Rattlesnakes are a group of venomous New World snakes, genera Crotalus and Sistrurus. They belong to the class of venomous snakes known commonly as pit vipers. There are nearly thirty species of rattlesnake, with numerous subspecies. They are named for the rattle found at the tip of their tails that is used as a warning device when threatened. Most rattlesnakes mate in the spring, and all species give live birth. Mothers care for their young after birth for seven to ten days. Shake, RATTLE, and roll: The rattle is composed of a series of nested, hollow beads which are actually modified scales from the tail tip. Each time the snake sheds its skin, a new rattle segment is added. Since they may shed their skins several times a year depending on food supply and growth rates and since the rattle can and does break, there is little truth to the claim that one can tell a rattlesnake's age from the number of beads in its rattle. Newborn rattlesnakes do not have functional rattles; it isn't until after they have shed their skin for the first time that they gain an additional bead, which beats against the first bead, known as the button, to create the rattling sound. Adult snakes may lose their rattles on occasion, but more appear at each molting. In wet weather if the rattle has absorbed sufficient water, it will not make noise. Some discretion, please: Even with a useful rattle, a rattlesnake might not always give warning. Some speculate that rattlesnakes that use their rattles around humans are often killed and natural selection may favor rattlesnakes that do not give advance warning. Startled Snake!: Different species of rattlesnake vary significantly in size, territory, markings, and temperament. If the rattlesnake is not cornered or imminently threatened, it will usually attempt to flee from encounters with humans, but will not always do so. Bites often occur when humans startle the snake or provoke it. Those bitten while provoking rattlesnakes have usually underestimated the range and speed with which a coiled snake can strike. Heavy boots and long pants reinforced with leather or canvas are recommended when hiking in areas known to harbor rattlesnakes. Life Lessons: For learning how to quickly and safely identify rattlesnakes by their markings, guides are available through booksellers, libraries, and local conservation and wildlife management agencies. The best way to avoid contact with rattlesnakes is to remain observant and avoid potential encounters. Hikers should always watch their steps when negotiating fallen logs or boulders and take extra caution when near rocky outcroppings and ledges where rattlesnakes may be hiding or sunning themselves. Pets should be kept leashed to prevent them from provoking a rattlesnake. A Venomous Mouth: Rattlesnakes are born with fully functioning fangs capable of injecting venom and can regulate the amount of venom they inject when biting. Generally they deliver a full dose of venom to their prey, but may deliver less venom or none at all when biting defensively. A frightened or injured snake may not exercise such control. Additionally, young snakes may have not yet learned to control the amount of venom they deliver. Some studies contest that young snakes may be capable of injecting less venom, and the high toxicity of their bite comes from a variation in their venom which causes it to have a more potent concentration than in their adult counterparts. Any bite from a rattlesnake should be considered fully venomous and those bitten should seek medical attention immediately.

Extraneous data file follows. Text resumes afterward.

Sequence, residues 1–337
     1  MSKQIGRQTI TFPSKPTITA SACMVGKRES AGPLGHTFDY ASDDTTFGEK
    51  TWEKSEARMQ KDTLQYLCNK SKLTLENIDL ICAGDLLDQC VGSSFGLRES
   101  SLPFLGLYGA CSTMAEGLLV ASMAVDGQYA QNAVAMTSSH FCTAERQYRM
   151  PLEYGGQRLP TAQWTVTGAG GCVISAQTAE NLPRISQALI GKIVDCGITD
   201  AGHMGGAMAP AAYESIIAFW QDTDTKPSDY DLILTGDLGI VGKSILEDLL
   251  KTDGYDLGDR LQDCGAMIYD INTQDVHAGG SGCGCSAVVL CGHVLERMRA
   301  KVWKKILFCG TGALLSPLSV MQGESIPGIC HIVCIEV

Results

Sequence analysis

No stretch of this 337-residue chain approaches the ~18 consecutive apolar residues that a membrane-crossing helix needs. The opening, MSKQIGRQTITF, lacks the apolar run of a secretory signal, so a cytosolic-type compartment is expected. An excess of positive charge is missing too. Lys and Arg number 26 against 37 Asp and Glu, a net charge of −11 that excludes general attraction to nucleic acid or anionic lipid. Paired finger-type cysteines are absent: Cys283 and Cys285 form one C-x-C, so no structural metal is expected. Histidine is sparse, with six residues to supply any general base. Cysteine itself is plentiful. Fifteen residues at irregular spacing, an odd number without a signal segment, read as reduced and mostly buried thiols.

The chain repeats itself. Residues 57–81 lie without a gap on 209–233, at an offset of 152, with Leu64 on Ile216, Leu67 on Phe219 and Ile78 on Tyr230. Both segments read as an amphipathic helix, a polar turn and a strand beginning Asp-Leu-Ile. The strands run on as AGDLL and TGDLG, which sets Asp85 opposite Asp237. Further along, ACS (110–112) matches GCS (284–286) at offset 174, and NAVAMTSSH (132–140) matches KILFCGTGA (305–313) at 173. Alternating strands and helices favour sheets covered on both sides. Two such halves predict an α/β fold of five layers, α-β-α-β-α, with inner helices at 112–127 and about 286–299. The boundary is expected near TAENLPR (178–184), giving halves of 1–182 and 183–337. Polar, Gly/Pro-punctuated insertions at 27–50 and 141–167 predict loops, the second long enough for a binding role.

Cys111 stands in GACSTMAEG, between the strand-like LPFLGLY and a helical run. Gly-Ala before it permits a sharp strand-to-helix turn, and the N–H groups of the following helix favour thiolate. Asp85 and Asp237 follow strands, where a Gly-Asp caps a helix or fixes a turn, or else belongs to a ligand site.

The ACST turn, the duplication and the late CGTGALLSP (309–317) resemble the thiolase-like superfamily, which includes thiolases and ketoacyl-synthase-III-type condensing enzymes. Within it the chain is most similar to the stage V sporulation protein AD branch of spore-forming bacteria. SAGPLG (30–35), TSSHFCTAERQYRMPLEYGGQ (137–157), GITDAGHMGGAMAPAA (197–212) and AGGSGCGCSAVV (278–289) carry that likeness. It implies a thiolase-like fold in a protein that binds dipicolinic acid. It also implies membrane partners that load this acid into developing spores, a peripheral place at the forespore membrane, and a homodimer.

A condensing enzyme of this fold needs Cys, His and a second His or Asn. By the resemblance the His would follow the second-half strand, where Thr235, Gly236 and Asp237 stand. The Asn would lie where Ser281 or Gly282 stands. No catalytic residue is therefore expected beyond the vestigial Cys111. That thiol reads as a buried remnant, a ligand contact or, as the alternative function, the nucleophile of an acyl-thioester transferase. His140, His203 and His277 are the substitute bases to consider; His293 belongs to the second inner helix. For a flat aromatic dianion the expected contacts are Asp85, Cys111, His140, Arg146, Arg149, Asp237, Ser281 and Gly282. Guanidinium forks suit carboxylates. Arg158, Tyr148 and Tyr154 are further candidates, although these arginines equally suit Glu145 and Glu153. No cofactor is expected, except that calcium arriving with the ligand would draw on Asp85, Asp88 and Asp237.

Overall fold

Rattlesnakes
Rattlesnakes








Designed and Powered by HBJamaica.com™